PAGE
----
What Happens with a Self-Directed Roth IRA When You Are Older?
For people thinking about retirement, one of the top questions is how to get started. But with some Self-Directed IRA accounts, the question shifts tremendously when you reach a certain age. That’s especially true with a Self-Directed Roth IRA, one of the few after-tax retirement accounts. Because you can invest after-tax money into a Self-Directed Roth IRA, you do not have to pay taxes on the back end as long as you do everything the right way. That money is considered already taxed. But what does this look like when you reach retirement age, and what should you prepare for? Here’s what you will need to know.
How a Self-Directed Roth IRA Works
To make sense of what happens later in life, let us first look at the structure of a Roth IRA. Here are some of the basic facts you will need to know:
- You can create tax-free retirement withdrawals if you meet the conditions. What are these conditions? You will need a minimum account age of five years, to start with. For many people who start Self-Directed Roth IRAs early in life to save for the long haul, this is not a hard condition to meet.
- You have to be retirement age to take distributions. A Roth IRA lets you take out contributions with minimal impact. But if you want full distributions, including the amount of growth you have had in the account, you will have to have reached the retirement age of 59 ½ or older.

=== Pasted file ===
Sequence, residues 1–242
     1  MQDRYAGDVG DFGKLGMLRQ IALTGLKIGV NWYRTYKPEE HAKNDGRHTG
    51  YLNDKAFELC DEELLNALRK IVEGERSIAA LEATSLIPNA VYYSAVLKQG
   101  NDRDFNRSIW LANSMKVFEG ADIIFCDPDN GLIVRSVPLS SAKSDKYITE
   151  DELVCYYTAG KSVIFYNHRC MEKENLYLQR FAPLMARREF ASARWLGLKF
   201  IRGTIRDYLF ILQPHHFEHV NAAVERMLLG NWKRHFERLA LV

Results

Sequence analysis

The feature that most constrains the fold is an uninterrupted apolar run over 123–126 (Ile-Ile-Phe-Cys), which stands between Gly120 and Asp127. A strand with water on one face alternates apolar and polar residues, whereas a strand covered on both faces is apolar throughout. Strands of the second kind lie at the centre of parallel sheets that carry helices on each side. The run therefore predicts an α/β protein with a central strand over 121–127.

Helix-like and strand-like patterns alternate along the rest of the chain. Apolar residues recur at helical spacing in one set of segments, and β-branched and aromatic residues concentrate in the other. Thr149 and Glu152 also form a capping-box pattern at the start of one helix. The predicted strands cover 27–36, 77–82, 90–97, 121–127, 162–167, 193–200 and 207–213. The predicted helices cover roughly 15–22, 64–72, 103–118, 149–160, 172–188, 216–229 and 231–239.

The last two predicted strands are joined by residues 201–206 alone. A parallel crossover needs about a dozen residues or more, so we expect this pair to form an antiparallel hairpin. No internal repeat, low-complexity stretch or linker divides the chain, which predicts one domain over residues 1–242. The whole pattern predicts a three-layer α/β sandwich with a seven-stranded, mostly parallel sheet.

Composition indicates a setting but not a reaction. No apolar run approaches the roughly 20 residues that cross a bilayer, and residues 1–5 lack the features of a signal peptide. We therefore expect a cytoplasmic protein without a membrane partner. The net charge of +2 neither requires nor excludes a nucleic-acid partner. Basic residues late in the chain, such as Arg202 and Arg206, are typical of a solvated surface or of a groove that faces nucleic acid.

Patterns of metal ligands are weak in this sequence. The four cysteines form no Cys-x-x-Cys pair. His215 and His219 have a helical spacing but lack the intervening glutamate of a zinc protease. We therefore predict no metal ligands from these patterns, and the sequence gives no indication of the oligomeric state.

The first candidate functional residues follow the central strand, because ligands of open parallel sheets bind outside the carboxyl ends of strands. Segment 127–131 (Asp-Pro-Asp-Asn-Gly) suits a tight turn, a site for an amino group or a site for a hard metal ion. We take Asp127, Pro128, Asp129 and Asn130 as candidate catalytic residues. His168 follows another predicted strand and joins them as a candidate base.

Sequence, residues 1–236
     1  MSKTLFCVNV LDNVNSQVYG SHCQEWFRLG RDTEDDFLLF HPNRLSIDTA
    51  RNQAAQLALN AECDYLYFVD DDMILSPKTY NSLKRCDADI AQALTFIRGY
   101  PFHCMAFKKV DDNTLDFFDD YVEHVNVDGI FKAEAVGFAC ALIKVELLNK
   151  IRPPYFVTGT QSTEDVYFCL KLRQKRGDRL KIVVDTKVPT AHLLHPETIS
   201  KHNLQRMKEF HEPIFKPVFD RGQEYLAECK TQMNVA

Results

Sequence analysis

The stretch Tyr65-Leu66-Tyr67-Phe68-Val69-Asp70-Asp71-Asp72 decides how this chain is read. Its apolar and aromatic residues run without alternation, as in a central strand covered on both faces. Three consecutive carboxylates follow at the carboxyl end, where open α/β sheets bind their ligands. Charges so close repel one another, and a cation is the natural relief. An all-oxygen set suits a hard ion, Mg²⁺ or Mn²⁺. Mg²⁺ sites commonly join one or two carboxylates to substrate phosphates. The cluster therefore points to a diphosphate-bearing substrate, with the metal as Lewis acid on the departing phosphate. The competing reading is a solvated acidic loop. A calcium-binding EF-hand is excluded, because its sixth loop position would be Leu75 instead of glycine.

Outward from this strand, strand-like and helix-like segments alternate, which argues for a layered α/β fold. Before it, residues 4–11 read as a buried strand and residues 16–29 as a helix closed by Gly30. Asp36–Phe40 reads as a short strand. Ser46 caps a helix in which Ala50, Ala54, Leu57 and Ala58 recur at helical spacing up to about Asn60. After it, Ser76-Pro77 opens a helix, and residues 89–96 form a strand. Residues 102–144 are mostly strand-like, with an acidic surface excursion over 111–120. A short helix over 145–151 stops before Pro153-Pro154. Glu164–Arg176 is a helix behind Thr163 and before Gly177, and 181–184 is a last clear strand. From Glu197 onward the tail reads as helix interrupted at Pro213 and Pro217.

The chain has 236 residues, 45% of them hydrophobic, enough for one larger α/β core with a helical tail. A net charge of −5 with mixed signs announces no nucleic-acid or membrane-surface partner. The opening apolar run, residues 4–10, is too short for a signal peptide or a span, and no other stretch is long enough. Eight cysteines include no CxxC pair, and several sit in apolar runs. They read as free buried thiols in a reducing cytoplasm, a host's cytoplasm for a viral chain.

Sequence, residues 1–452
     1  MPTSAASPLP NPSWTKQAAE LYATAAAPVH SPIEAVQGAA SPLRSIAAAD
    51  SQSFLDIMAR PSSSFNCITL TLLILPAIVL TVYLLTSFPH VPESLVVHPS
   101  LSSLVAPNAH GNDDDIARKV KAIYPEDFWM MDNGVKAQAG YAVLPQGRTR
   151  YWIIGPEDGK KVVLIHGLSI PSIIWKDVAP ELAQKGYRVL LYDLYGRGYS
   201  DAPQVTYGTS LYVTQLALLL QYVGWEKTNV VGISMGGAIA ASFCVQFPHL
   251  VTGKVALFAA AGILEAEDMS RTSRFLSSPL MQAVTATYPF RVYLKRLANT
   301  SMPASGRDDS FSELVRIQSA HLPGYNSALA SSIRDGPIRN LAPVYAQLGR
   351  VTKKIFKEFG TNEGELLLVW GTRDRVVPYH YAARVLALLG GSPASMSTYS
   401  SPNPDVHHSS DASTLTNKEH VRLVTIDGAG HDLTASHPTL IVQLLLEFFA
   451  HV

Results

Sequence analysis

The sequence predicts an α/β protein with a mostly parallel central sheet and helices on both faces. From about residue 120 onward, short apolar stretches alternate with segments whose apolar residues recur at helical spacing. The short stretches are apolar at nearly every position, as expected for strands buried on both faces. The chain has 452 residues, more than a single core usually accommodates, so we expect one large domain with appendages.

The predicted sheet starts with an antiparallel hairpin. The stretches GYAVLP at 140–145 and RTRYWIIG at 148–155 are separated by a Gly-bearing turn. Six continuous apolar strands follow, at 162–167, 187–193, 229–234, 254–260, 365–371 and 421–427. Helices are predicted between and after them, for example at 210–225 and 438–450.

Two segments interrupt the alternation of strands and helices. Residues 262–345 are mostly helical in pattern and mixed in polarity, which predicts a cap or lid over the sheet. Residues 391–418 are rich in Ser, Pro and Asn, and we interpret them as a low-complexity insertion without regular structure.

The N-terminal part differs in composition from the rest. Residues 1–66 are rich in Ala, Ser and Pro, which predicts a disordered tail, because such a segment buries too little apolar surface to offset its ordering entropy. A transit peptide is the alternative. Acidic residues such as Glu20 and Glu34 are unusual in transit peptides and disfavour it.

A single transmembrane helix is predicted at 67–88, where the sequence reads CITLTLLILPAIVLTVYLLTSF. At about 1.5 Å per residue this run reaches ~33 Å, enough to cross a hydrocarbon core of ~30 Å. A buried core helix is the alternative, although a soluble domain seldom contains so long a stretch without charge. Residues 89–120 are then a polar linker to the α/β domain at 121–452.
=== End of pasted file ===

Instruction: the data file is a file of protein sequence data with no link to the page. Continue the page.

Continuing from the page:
When you contribute to a Roth IRA, you use money that is already taxed—in other words, you do not get to deduct the money of your contributions from your taxable income for that year. This might sound problematic, but the result is that it can be great to have a Roth IRA in retirement. After all, if you find yourself with enough wealth in retirement that you are in a whole new tax bracket, having distributions from a Roth IRA will save you much more money than you might have ever dreamed. But it does require knowing how it works.
What Happens Within a Self-Directed Roth IRA When You Are Older?
For many people, the Roth IRA is the retirement equivalent of the old adage that it’s a good idea to sacrifice now so you can enjoy yourself later. By paying taxes on the money now, you open opportunities for later. But what does “later” look like exactly? Let’s take a closer look.
- Age 59 ½: Retirement age. You’ve gotten to the point where you can begin taking distributions from your account. However, this age is relatively low for many people who might still plan on working, so it’s not a requirement that you begin taking distributions on a Roth IRA at this point.
- Any age after retirement: One of the great “secrets” of a Roth IRA—which isn’t really a secret—is that because the money you are putting in is already taxed, you’re allowed to keep on contributing to the Roth IRA if you want. That’s one reason why Roth IRAs can be a great “catch-up” account. If you are 72 and still working, you can still use that Roth IRA for investing. You are not legally required to take money out; after all, the taxes on that money have already been paid.
What’s the result of knowing this? You will begin to see what’s possible with a Self-Directed Roth IRA, especially if you are the type to plan for retirement even when it’s years away. Interested in learning more about Self-Directed IRAs? Contact American IRA, LLC at 866-7500-IRA (472) for a free consultation. Download our free guides or visit us online at www.AmericanIRA.com.